While peaceful protesting has done wonders for The United States, helping to slowly but surely chip away racial and sexual prejudices, as well as affording citizens many other rights, one can not help but wonder why Kaepernick, who has never been a huge voice in the activism world – instead opting for magazine shoots and headphone deals – chooses the 2016 pre-season as his platform to reach what he claims is a racially prejudice America.
One would wonder why a once thought to be up-and-coming star – who unseated a former first overall draft choice from their starting job (Alex Smith) – and was a play away from his second Superbowl appearance in that many years, would not simply put his nose to the grindstone and attempt to win his starting job back.
Would it not be more impactful if a starting quarterback making roughly $19 million dollars a year for an NFL team, spoke out against police brutality and the oppression of minorities? It would seem to be much harder to cut a star quarterback saying and doing these things, rather than a physically struggling, former star quarterback, making $19 million a year, who is just magically voicing his opinion the week before final roster cuts.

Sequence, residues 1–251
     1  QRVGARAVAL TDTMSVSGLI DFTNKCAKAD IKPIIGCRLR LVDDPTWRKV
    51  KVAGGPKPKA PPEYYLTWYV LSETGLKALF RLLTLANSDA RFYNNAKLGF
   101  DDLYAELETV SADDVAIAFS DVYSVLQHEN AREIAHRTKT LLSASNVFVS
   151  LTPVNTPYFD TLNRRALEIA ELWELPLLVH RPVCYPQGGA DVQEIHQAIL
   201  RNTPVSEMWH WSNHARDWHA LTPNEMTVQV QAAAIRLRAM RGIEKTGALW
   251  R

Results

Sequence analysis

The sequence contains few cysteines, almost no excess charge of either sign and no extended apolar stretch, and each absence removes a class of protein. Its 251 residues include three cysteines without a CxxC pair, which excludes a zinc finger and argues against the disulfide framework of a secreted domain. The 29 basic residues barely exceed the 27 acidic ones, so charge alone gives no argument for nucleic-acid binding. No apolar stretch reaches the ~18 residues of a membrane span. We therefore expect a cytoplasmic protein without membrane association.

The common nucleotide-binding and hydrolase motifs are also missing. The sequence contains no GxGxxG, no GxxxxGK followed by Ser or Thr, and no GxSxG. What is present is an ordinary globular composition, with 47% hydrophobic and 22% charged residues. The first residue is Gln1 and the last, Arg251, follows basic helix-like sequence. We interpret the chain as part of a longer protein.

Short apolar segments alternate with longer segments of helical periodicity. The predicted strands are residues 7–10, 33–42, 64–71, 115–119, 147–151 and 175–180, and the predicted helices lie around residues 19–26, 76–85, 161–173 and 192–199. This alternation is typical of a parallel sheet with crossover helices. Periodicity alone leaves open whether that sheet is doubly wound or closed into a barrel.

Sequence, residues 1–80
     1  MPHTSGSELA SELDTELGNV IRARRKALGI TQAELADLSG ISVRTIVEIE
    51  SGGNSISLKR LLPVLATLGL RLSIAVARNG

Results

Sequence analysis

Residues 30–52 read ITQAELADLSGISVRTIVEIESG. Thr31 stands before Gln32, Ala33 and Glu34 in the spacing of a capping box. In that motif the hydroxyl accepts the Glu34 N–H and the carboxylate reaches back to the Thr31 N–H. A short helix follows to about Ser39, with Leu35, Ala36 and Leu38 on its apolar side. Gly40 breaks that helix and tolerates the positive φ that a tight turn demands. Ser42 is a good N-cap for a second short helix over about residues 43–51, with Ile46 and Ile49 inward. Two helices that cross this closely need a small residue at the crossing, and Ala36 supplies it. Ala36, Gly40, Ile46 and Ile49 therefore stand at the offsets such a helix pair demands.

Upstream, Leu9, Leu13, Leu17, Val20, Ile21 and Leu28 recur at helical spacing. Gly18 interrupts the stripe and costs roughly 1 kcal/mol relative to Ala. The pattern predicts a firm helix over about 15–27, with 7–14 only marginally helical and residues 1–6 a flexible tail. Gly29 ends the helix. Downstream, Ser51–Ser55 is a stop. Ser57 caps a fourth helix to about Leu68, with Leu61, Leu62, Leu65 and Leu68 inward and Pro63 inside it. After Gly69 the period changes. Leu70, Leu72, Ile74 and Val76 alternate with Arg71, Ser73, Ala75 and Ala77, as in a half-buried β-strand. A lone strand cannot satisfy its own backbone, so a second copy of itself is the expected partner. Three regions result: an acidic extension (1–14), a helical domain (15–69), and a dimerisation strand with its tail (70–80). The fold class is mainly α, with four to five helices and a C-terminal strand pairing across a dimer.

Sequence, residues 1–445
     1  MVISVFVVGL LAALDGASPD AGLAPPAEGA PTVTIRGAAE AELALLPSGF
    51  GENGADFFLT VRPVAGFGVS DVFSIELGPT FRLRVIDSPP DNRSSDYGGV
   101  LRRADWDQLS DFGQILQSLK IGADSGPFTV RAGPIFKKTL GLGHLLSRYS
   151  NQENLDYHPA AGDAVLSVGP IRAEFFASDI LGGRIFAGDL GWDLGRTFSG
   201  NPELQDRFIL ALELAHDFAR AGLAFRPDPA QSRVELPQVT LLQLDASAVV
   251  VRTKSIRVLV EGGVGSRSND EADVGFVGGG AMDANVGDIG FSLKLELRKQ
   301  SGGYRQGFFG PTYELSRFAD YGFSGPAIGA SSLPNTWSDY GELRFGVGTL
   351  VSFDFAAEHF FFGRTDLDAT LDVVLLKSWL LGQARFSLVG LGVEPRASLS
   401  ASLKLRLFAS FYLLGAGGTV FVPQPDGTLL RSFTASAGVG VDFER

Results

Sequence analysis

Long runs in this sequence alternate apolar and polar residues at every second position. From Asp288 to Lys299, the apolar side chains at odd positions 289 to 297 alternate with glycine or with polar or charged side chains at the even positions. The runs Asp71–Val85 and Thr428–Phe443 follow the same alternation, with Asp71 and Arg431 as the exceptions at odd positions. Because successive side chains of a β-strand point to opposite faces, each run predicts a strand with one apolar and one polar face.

It would seem to many, that this is a desperation move by Kaepernick – possibly a smart one – as the deadline to have the final NFL 53-man roster looms this coming Saturday, September 3, at 4 p.m. Eastern Time.
The 49ers are now placed in a very tight situation, as Kaepernick assumedly planned. Under a once again new regime at head coach, Kaepernick has been reportedly struggling in the new offense of head coach Chip Kelly. Notably Kelly moved on from The Eagles after his short stay as their head coach. During that time, many NFL players spoke out, claiming Kelly was a racist coach. The Eagles have obviously since moved on, after Kelly posted regular season records of 10-6, 10-6, and 6-9. Do the allegations of Chip Kelly being a racist coach have anything to do with Kaepernick speaking out? I think not.